Guys 'n' Dolls, Church Hill Theatre, Review

Rating (out of 5)
Show details
Bohemians Lyric Opera Company
Colin Cairncross (Director), Janice Bruce (Choreographer), Simon Hanson & Uames McCutcheon (Musical Directors), Simon Gillies (Technical director)
Eddie McDowell (Sky), Mary O'Gorman (Sarah), Malcolm J. Burnett (Nathan), Mary B.H. Clare (Miss Adelaide)
Running time

Smart moves, and a dice loaded in favour of the audience. That’s Guys and Dolls, the Bohemian Lyric Opera Company’s annual spring offering which has moved from the King’s Theatre, up the road by a couple of miles, to the Church Hill Theatre.

This is a production with lots of things to applaud. The company itself has had a bit of a makeover with new members and members of cast switching from stage to directing and vice versa. The moves on the stage include some wonderful choreography and execution by both genders even if the lads had a couple of opening night slips. From the overture, the excellent theatre orchestra takes you back to Broadway and the golden age of musicals of its genre. 

Set around the gambling dens of 1940s New York, Guys n’ Dolls focuses on four main characters: Nathan Detroit, Sky Masterson, Sarah Brown and Miss Adelaide. Desperate to find money to pay for his floating crap game, gambler Nathan Detroit bets Sky Masterson a thousand dollars that Sky will not be able to make the first girl he sees fall in love with him.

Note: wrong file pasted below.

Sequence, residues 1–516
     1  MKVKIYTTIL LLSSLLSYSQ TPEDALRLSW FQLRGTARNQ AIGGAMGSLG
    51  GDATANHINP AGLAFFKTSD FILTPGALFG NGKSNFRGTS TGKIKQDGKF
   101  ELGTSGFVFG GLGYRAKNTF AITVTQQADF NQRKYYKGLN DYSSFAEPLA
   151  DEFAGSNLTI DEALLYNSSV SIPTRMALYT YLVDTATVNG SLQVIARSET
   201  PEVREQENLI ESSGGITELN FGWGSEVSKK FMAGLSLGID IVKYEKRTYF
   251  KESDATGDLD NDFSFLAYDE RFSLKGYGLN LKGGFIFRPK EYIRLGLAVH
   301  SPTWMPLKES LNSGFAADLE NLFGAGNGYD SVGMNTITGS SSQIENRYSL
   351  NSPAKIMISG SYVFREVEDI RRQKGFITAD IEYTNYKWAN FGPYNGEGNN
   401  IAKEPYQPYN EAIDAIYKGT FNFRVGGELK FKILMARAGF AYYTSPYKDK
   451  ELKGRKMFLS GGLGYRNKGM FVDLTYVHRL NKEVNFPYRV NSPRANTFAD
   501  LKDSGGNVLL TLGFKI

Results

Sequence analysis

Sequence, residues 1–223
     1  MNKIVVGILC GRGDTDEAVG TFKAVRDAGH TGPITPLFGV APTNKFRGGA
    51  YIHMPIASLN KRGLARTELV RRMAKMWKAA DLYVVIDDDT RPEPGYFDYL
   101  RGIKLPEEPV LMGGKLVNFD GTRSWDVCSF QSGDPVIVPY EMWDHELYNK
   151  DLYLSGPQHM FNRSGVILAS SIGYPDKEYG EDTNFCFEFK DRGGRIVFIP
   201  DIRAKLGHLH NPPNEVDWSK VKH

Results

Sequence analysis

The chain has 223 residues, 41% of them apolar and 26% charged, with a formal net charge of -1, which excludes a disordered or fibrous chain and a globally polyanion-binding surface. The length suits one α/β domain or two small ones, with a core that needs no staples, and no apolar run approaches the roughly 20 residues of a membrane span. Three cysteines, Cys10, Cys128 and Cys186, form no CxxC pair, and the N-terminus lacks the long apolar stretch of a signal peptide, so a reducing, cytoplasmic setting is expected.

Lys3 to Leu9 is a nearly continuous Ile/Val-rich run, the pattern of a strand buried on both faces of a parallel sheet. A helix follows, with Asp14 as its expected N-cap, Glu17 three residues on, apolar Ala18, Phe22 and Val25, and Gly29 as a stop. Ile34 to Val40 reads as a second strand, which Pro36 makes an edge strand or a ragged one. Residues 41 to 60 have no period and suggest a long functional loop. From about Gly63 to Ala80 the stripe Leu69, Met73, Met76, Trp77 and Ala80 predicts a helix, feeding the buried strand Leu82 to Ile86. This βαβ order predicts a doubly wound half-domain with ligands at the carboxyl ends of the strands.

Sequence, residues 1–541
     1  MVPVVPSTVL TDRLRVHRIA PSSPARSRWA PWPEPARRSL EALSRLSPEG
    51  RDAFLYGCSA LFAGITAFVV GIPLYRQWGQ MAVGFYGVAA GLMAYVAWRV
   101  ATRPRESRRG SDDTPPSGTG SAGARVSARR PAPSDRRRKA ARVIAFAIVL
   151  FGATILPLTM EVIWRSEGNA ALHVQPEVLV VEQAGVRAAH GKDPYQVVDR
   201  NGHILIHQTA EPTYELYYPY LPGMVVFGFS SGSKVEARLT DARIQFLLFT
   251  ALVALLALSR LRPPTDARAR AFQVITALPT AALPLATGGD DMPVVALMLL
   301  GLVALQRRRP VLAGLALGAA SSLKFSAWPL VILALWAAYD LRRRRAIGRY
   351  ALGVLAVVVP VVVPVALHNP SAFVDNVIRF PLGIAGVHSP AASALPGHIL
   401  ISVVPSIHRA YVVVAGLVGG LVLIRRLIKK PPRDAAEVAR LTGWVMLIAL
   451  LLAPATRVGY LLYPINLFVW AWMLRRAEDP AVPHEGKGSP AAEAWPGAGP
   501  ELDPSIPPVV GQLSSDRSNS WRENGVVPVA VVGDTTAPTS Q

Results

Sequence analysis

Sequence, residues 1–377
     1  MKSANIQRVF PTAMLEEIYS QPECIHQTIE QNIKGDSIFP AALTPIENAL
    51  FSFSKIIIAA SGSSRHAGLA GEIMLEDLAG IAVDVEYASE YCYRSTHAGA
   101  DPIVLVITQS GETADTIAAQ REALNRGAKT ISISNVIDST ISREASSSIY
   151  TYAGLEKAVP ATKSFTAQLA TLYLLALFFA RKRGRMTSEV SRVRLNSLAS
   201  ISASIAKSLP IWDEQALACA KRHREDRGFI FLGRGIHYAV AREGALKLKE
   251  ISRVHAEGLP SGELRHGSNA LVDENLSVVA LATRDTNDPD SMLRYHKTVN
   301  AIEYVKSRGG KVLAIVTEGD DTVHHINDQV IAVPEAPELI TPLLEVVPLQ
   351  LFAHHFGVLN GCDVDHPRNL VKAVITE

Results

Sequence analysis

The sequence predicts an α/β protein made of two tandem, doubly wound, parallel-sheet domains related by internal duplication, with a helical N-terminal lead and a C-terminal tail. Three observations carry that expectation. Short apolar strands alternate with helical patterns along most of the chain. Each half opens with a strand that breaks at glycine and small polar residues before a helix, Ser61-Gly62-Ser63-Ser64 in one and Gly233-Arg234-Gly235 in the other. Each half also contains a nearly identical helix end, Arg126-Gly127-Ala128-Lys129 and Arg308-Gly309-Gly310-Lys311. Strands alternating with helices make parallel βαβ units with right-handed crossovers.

That girl is local Salvation Army girl, Sarah Brown who he tries to persuade, to go with him to Cuba. While Sky eventually is able to convince Sarah to join him he has to find sinners for the mission to save, Nathan battles with his fiancé of fourteen years, Adelaide. As Sky ends up falling for Sarah, he tries to reform his gambling ways, taking the rest of the crapshooters with him to the Mission.

The four principals are the focus of this production and all capture their roles effectively. Eddie McDowell glides through the part of Sky apparently effortlessly, while Mary O’Gorman transformation from Salvation Army leader to tipsy tourist in Havana to lovelorn young woman is accomplished.

Malcolm J. Burnett as the harassed organiser of the illegal crap game shows nifty footwork whether keeping ahead of the police, gangsters or his long-suffering fiancée Adelaide.

Mary B. H. Clare was exceptionally good as the fiancée and nightclub singer and you could feel the ‘welcome’ from the audience every time she appeared. Whether as a singer, dancer of actor, Mary was on top form as the dizzy blonde with a heart.

The supporting characters are all well observed with special mention to Ben Jeffreys as Lieutenant Brannigan and Fraser Jamieson as Nicely, Nicely.

It was fitting that a reprise of ‘Sit Down your Rockin’ the Boat had this young singer/actor centre stage. A couple of scenes, Havana and the Night club exploded onto the stage in a riot of dancing, music and costumes with lighting, staging and sound effects used to great effect.

Guys n’ Dolls has crisp dialogue delivered with clear diction and good comic timing by the entire company. The Bohemians have excelled themselves in a venue that suited this production.

Show times

Friday 4th - 5th March, 7.30pm
Tuesday 8th - Saturday 12th March, 7.30pm